Simple Strategies For Improving Your Cough
RATE
Profile photo of John Bottrell, RRT

Some people with COPD tend to produce lots of mucus and have trouble coughing it up. This mucus can obstruct airways, increase your risk for developing lung infections, and may cause flare-ups.

Here are a few simple strategies for improving your cough that you can do by yourself.  

 

  1. Hydration.  Most experts recommend drinking 8-10 cups of water throughout the course of the day. If you aren’t drinking enough, mucus can become thick and hard to cough up. Well hydrated airways produce mucus that is thin and easy to cough up. So, drinking plenty of water, and staying hydrated, is a key element to any strategy for improving your cough. However, just make sure you get permission from your doctor before increasing your fluid intake. 
  1. Diaphragmatic breathing. This is also known as abdominal breathing. Make sure you are breathing properly so that you can generate an effective cough. The most effective breathing strategy involves inhaling slowly through your nose while your diaphragm moves down and your stomach out. You should exhale slowly through pursed lips while your diaphragm moves up and your stomach in.
  1. Deep Cough. The best way to generate a cough is by sitting up in a chair. A chair is ideal to sitting on the edge of a bed because your feet will be supported, thereby enhancing your cough effort.  Make sure you are effectively doing diaphragmatic breathing. When you are ready, take in as deep a breath as you can through your nose (make sure your stomach goes out). Then, as forcibly exhale this air as your stomach goes inward. This mimics a natural cough and can help move secretions into your upper airway to be spit up.
  1. Huff Cough. Again, sitting in a chair is helpful. Make sure you are diaphragmatically breathing. When you are ready, take in a deep breath and hold it for a second to allow air to get behind the mucus. Then, exhale making three rapid huffs. It should sound like, “Ha, Ha, Ha.” Then you should continue to use diaphragmatic breathing. This should be repeated three times, or until the mucus is brought up. Some people with COPD find this method useful because it is less forceful and therefore less likely to irritate airways and cause shortness of breath.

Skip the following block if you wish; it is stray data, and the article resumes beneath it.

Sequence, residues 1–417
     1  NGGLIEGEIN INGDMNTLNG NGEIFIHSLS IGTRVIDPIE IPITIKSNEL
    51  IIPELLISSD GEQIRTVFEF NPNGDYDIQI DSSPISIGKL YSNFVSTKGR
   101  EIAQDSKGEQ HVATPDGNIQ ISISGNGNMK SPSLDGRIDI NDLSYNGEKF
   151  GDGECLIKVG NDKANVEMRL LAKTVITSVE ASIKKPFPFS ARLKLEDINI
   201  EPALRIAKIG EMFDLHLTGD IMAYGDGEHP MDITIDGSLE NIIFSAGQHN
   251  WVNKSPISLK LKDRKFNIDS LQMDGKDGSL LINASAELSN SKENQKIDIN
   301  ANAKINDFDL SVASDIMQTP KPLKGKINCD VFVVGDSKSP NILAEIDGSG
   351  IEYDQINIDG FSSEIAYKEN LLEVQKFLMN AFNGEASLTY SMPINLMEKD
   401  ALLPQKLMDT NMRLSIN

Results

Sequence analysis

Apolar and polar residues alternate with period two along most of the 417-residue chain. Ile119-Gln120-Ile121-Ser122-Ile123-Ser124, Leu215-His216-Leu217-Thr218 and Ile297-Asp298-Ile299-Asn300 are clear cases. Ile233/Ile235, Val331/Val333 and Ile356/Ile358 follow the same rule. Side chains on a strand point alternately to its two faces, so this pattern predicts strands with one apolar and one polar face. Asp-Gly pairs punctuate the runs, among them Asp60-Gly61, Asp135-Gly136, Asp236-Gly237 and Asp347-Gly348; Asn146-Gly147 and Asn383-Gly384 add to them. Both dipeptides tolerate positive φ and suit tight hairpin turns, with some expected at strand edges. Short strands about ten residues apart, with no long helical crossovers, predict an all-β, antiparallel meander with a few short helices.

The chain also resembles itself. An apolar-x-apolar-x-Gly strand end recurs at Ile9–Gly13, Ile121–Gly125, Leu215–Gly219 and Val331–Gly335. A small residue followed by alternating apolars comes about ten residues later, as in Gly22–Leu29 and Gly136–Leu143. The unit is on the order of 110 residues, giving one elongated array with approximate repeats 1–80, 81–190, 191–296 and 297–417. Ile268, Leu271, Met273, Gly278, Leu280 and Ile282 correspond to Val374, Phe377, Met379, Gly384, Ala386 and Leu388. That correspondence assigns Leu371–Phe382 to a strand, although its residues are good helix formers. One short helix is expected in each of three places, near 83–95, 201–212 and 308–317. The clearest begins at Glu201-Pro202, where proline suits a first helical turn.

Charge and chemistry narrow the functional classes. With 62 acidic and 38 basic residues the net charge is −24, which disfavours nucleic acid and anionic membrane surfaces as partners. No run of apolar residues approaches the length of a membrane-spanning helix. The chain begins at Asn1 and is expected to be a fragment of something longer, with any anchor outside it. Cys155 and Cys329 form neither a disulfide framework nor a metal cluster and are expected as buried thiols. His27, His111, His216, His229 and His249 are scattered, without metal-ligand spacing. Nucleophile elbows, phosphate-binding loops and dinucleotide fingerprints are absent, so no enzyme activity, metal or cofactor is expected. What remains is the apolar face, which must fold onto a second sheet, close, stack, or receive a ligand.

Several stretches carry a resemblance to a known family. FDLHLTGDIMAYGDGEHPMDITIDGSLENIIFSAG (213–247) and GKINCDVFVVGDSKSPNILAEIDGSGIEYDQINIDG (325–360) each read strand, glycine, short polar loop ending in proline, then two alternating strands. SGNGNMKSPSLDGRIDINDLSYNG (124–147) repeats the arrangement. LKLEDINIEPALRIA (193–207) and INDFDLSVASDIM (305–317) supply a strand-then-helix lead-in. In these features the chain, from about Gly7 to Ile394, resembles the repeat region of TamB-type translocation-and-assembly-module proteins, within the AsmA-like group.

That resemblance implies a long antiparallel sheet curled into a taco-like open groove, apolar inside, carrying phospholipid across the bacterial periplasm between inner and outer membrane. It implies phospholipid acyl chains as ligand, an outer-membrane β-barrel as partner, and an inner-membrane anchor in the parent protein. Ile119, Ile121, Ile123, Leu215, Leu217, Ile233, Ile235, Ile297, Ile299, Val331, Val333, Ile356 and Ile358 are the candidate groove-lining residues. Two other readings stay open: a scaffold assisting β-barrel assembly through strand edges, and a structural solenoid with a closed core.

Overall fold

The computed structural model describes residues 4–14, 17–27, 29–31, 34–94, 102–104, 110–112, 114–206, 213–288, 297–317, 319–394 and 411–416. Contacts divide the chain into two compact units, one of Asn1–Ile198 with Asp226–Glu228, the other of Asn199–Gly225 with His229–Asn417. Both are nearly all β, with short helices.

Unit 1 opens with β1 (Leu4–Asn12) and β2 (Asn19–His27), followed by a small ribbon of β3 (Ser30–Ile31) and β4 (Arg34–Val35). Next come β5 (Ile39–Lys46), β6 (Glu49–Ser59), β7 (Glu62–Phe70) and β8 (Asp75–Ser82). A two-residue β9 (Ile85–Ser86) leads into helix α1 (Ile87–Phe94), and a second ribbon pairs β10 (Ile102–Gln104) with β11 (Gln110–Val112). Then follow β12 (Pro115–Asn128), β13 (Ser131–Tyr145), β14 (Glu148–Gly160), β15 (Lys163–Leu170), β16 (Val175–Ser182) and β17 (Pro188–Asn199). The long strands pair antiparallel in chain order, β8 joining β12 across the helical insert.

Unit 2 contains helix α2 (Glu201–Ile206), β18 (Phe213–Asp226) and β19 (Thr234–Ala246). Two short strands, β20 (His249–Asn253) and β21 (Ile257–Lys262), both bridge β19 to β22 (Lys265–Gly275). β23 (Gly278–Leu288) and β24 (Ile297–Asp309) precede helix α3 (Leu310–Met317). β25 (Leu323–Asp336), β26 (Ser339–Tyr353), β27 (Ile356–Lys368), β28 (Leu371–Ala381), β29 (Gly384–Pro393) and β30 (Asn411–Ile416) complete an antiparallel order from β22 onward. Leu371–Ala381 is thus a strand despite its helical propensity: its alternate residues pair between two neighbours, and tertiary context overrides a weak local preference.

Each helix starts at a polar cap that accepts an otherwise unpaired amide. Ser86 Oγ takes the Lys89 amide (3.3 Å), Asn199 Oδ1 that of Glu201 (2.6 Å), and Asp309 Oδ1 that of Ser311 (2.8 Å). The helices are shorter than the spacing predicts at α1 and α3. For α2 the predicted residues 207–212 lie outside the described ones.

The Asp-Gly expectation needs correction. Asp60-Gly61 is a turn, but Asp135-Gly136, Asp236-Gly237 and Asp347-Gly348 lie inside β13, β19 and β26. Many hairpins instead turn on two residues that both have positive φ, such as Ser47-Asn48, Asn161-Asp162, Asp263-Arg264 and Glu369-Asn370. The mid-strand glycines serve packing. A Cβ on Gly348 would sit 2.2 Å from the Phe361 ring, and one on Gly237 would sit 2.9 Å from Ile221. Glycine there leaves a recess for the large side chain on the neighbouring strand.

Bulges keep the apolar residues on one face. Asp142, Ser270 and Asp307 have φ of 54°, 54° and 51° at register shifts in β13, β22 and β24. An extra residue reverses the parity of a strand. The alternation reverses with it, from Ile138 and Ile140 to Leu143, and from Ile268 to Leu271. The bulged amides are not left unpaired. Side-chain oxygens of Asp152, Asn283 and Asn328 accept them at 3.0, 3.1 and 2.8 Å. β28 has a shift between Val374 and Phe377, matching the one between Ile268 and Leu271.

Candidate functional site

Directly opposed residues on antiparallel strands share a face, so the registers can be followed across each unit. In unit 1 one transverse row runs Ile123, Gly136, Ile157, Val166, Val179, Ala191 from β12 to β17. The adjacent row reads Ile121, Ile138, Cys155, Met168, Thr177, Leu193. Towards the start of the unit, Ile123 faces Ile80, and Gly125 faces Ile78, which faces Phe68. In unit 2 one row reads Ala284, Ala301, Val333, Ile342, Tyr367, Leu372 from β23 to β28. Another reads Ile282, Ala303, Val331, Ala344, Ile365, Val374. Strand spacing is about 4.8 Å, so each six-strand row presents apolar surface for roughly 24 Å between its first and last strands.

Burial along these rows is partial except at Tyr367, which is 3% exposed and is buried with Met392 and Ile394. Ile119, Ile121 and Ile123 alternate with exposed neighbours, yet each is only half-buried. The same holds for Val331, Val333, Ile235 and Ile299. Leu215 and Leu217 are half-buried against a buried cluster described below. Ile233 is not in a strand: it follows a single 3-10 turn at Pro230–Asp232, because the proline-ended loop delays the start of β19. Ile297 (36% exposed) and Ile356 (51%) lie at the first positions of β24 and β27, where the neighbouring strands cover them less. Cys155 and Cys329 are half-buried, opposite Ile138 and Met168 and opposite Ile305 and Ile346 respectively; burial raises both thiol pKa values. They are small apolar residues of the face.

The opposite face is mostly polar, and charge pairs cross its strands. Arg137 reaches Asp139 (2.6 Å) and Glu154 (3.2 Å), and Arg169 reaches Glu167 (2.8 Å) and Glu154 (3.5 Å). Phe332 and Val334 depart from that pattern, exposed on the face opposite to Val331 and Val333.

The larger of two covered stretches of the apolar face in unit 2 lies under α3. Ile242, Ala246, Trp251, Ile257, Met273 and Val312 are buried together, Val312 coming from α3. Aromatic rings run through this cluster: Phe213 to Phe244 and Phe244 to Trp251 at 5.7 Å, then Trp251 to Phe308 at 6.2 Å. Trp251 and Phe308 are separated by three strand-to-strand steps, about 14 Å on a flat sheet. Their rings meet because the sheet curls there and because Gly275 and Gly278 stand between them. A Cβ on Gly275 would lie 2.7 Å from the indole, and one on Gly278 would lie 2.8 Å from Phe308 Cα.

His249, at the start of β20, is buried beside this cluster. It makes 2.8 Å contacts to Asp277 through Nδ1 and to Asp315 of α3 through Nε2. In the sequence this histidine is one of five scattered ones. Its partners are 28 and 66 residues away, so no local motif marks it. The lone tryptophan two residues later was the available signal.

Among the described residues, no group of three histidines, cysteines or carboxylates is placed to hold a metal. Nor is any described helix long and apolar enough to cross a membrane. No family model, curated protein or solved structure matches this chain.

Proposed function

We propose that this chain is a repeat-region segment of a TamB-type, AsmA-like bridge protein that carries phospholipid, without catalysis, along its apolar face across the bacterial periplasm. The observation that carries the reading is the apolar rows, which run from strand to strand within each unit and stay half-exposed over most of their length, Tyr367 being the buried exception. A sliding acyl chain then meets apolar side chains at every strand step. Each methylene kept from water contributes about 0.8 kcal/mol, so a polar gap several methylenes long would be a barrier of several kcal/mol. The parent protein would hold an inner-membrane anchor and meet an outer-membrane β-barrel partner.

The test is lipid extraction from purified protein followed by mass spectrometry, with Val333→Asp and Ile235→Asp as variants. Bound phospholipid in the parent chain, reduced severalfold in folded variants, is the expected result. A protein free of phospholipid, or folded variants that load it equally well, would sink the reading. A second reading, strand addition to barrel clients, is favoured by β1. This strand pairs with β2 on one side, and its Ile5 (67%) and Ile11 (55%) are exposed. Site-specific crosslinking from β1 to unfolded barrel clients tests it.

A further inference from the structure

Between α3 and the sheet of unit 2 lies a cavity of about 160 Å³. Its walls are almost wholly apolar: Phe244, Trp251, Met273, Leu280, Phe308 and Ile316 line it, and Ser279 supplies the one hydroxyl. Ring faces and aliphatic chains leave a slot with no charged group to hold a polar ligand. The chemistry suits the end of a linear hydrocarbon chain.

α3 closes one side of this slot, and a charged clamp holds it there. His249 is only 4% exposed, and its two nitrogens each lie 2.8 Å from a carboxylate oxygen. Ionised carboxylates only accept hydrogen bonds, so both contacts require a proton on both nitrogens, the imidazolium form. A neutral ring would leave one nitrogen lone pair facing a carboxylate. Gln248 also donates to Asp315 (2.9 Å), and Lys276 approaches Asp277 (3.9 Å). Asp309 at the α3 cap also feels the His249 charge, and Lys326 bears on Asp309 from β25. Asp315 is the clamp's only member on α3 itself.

1. Flutter Valve Devices. Two common examples include Acapella and Aerobika, and they can be purchased online. They are light, handheld devices that you exhale into. When you do this, you will be exhaling against a pressure while feeling vibrations. The idea here is that the pressure and vibrations help to open your lower airways, break up thick mucus, knock it off airway walls, and force it up from to the back of your throat where it can easily be cleared with a cough. 

The best strategy for using one requires you to sit up in a chair with your feet supported. You should begin by doing diaphragmatic breathing while holding the device. When you are ready, take in as deep a breath as you can. Insert the device into your mouth and create a seal using your lips. Exhale into the device. You will feel some resistance and vibrations when you exhale. This should be repeated ten times or until you feel you need to cough. Use one of the coughing strategies described above if necessary.

Conclusion. The nice thing about all these strategies is they are all things you can easily do by yourself. They help keep your airways clear of secretions so you can breathe easier and live better with COPD. .

 

view references
  1. Kacmarek, Robert M., James K. Stoller, Albert J. Heuer, editors, “Egan’s Fundamentals of Respiratory Care,” 10th edition, 2013, Elsevier, pages 965-983
  2. https://www.ncbi.nlm.nih.gov/pmc/articles/PMC2580042/, accessed 4/29/17
  3. National Jewish Health. Techniques to Bring Up Mucus. https://www.nationaljewish.org/healthinfo/conditions/copd-chronic-obstructive-pulmonary-disease/lifestyle-management/bring-up-mucus/, accessed 4/19/17
  4. Hristara-Papadopoulou, A., G. Diomou, O. Papadopoulou, “Current Devices in Respiratory Therapy,” Hippocratia, 2008, Oct-Dec., 12 (4), 211-220,
  5. https://www.ncbi.nlm.nih.gov/pmc/articles/PMC2580042/, accessed 4/29/17
advertisement
SubscribeJoin 13,000 subscribers to our weekly newsletter.

Your username will be visible to others.


Reader favorites